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|Title: ||TLR9 Polymorphisms Are Associated with Altered IFN-γ Levels in Children with Cerebral Malaria|
|Authors: ||Nadia-Agudu, A. Sam|
Greene, Jennifer A.
Opoka, Robert O.
Kazura, James W.
Boivin, Michael J.
Zimmerman, Peter A.
Riedesel, Melissa A.
Bergemann, Tracy L.
Schimmenti, Lisa A.
John, Chandy C.
Plasmodium falciparum parasitemia
Cerebral malaria (CM)
Pathogenesis of CM
Toll-like receptors (TLRs
|Issue Date: ||2010 |
|Publisher: ||American Society of Tropical Medicine and Hygiene|
|Citation: ||Nadia-Agudu, A.S., Greene, J.A., Opoka, R.O., Kazura, J.W., Boivin, M.J., Zimmerman, P.A., Riedesel, M.A., Bergemann, T.L., Schimmenti, L.A., John, C.C. (2010). TLR9 Polymorphisms are associated with altered IFN-γ levels in children with cerebral malaria. American Journal of Tropical Medicine and Hygiene, 82(4)|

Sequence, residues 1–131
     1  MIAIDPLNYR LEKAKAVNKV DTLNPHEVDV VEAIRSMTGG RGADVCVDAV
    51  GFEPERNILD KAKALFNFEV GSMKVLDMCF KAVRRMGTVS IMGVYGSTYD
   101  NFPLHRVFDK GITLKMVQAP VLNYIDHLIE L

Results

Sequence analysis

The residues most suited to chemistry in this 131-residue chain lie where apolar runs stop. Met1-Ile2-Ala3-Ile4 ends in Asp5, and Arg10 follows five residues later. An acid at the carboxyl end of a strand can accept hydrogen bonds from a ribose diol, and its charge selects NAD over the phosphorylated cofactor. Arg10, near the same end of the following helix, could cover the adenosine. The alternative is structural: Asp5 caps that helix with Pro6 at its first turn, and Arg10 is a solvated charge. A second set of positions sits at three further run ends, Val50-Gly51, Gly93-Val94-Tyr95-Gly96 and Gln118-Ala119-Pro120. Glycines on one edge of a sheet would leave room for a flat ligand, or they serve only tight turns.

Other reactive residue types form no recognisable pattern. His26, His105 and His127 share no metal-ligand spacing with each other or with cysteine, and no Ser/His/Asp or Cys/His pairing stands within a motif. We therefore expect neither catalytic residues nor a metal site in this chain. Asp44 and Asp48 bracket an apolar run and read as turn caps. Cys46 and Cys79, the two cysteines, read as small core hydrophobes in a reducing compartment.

|Abstract: ||Toll-like receptor (TLR) polymorphisms have been associated with disease severity in malaria infection, but mechanisms for this association have not been characterized. The TLR2, 4, and 9 single nucleotide polymorphism (SNP) frequencies and serum interferon-γ (IFN-γ) and tumor necrosis factor-α (TNF-α) levels were assessed in Ugandan children with cerebral malaria (CM, N = 65) and uncomplicated malaria (UM, N = 52). The TLR9 C allele at −1237 and G allele at 1174 were strongly linked, and among children with CM, those with the C allele at −1237 or the G allele at 1174 had higher levels of IFN-γ than those without these alleles ( P = 0.03 and 0.008, respectively). The TLR9 SNPs were
not associated with altered IFN-γ levels in children with UM or altered TNF-α levels in either group. We present the first human data that TLR SNPs are associated with altered cytokine production in parasitic infection.|
|Appears in Collections:||Research Articles (Health-Sciences)|
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